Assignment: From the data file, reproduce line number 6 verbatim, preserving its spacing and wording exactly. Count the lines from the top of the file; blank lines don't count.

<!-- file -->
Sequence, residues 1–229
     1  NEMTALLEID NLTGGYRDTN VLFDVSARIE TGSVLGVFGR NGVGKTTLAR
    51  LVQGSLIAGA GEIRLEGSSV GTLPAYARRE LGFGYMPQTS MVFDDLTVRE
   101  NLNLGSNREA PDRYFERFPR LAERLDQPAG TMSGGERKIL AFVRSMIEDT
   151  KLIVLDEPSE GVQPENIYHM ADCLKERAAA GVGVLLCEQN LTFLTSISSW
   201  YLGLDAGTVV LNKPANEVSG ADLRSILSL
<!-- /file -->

   201  YLGLDAGTVV LNKPANEVSG ADLRSILSL